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Could Any Country Other Than Israel Murder 20,000 People And Call It "Operation Peace"?

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A ‘cosmic stink’: Israel’s invasion of Lebanon, 40 years on

Forty years after the 1982 invasion of Lebanon, Israel persists with its lunatic urges to kill in Palestine and beyond.

Lebanon was already seven years into its bloody civil war of 1975-90, but the Israeli invasion took it all to another level of savagery. The Israeli siege of “West Beirut” – the reductionist wartime label assigned to the so-called “Muslim” half of the Lebanese capital, where AUB is located – lasted from June to August of 1982, leaving residents without food, water, electricity, or fuel. The term “West Beirut”, the Yearbook Committee noted, had “become a by-word for the disastrous”.

And yet even “disastrous” was an understatement, as is clear from the 16 pages of photos of air strikes, collapsed buildings, rubble, vehicles on fire, babies with bandaged heads, an elderly woman in a hospital bed, and a single hand lying on the ground detached from its body. The United States, naturally, had green-lighted the invasion.

I came across the 1982 yearbook the other day at the house of a friend of mine, an AUB alumnus, here in Beirut – where I unwittingly arrived just in time for the 40th anniversary of the Israeli invasion. Prior to the pandemic, I had been a regular visitor to the country since 2006 – incidentally the year of another Israeli invasion, when the Israeli army had similarly mocked the idea that people in Lebanon should “have life and have it more abundantly”.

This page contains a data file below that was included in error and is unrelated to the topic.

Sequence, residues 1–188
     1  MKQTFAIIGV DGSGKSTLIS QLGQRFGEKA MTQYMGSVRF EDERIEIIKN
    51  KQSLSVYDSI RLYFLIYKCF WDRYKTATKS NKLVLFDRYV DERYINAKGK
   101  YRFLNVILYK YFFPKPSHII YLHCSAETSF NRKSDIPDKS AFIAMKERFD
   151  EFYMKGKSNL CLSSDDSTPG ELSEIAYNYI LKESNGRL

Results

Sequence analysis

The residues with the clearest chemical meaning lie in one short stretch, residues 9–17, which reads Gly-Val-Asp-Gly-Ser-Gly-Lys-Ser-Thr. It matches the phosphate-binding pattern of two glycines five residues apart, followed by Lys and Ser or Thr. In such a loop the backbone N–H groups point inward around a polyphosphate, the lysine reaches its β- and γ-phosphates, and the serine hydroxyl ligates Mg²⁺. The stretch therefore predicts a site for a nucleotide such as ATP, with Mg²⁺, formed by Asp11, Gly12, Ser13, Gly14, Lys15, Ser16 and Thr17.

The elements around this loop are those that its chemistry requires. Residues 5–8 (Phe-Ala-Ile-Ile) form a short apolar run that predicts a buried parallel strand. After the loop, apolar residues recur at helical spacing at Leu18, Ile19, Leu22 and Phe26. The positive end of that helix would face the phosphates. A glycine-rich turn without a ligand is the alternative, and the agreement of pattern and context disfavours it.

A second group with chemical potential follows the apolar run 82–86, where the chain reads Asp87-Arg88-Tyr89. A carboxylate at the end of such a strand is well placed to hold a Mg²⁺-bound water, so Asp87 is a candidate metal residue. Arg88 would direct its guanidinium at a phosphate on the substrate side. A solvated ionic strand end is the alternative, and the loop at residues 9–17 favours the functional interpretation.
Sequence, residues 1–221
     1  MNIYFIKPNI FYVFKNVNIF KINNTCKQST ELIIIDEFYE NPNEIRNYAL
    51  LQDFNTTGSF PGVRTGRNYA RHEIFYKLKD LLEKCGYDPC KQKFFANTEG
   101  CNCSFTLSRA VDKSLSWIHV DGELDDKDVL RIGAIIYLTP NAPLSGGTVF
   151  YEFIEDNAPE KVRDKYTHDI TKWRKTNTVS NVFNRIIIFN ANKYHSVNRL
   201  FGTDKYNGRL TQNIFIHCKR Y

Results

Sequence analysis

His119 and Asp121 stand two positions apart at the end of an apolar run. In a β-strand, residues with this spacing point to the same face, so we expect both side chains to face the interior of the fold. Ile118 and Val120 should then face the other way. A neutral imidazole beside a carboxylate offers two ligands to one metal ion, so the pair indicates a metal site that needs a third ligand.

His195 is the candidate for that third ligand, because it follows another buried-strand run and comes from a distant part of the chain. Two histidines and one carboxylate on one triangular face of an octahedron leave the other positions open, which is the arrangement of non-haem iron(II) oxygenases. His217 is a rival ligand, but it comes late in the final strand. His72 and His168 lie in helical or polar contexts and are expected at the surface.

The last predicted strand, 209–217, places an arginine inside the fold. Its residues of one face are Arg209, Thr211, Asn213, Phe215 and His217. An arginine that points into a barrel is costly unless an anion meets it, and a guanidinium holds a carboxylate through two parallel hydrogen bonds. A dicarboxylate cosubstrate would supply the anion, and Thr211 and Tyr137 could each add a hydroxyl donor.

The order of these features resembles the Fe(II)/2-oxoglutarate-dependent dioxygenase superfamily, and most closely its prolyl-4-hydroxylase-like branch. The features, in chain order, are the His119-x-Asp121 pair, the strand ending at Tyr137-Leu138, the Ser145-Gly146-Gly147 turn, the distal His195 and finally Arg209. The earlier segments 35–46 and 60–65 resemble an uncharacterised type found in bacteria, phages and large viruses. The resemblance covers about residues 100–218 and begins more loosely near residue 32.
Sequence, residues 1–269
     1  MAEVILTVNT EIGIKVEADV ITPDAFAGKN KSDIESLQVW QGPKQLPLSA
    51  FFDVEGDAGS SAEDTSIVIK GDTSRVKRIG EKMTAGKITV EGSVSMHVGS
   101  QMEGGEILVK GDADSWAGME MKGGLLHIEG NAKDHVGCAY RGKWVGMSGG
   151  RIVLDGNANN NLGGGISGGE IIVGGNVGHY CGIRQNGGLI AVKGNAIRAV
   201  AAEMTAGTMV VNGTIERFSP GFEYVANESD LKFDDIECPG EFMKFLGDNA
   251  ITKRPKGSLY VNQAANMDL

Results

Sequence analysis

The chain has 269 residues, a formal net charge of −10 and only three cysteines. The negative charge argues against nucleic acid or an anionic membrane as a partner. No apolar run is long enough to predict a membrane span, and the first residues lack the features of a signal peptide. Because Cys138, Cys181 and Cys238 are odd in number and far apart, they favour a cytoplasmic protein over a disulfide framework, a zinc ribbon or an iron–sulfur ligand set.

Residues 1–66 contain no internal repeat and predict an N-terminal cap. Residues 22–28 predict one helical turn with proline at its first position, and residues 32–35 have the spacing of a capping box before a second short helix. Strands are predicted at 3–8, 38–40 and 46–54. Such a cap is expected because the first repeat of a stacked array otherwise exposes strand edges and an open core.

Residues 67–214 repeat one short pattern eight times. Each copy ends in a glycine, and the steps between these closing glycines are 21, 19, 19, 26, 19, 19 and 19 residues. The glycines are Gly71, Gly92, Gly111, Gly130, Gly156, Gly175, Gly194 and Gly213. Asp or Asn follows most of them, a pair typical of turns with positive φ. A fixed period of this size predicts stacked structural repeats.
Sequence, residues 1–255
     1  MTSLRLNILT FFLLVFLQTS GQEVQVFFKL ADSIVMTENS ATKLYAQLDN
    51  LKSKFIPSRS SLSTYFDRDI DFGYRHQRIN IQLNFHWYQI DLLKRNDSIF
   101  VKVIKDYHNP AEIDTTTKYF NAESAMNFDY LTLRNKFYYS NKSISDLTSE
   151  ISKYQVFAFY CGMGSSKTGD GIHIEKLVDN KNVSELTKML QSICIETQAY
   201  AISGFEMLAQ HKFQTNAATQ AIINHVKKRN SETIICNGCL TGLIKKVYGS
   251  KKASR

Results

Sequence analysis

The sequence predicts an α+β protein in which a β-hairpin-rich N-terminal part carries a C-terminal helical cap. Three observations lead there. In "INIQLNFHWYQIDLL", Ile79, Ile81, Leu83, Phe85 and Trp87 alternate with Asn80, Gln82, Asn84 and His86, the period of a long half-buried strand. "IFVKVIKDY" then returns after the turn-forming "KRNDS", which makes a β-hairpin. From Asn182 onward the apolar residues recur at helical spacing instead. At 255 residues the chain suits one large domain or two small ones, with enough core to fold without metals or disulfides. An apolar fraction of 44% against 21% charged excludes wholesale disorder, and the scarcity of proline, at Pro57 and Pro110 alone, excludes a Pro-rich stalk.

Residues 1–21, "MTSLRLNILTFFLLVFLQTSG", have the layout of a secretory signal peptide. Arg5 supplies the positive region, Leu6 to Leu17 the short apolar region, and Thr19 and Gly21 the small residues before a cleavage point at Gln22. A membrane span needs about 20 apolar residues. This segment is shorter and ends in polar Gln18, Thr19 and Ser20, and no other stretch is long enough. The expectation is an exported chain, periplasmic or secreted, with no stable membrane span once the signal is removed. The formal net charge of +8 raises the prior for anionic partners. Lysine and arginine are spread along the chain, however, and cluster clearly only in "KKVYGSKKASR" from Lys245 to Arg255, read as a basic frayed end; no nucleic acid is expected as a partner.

The 1982 affair, which the Israeli government marketed as “Operation Peace for Galilee”, supposedly took place in retaliation for the attempted assassination of Shlomo Argov, Israel’s ambassador to Britain. Years later, the Guardian would dramatically observe: “Not since the slaying of Archduke Ferdinand in Sarajevo in 1914 has a hit team made war such a likely outcome”, providing as it did a “pretext” to Israel’s then-defence minister Ariel Sharon for his “long-planned campaign to eliminate” the PLO – the Palestine Liberation Organization headquartered in Beirut.

Never mind that the PLO condemned the assassination attempt – or that there never would have been a PLO in the first place had Israel not slaughtered 10,000 Palestinians and turned three-quarters of a million more into refugees in 1948.

In her Lebanese civil war memoir Beirut Fragments, Jean Said Makdisi – a Beirut-based Palestinian writer and scholar and the sister of the late Edward Said – recalls that, in the early days of “Peace for Galilee”, much was heard about Argov, the appointed casus belli. But such talk was ultimately short lived: “After a while nobody mentioned the ambassador anymore, until – several tens of thousands dead later; several hundred thousand refugees later; after large parts of Tyre, Sidon, Damour, and Beirut, not to mention dozens of other towns and villages had been destroyed – there was a small item in the newspaper that he had survived and been discharged from the hospital”.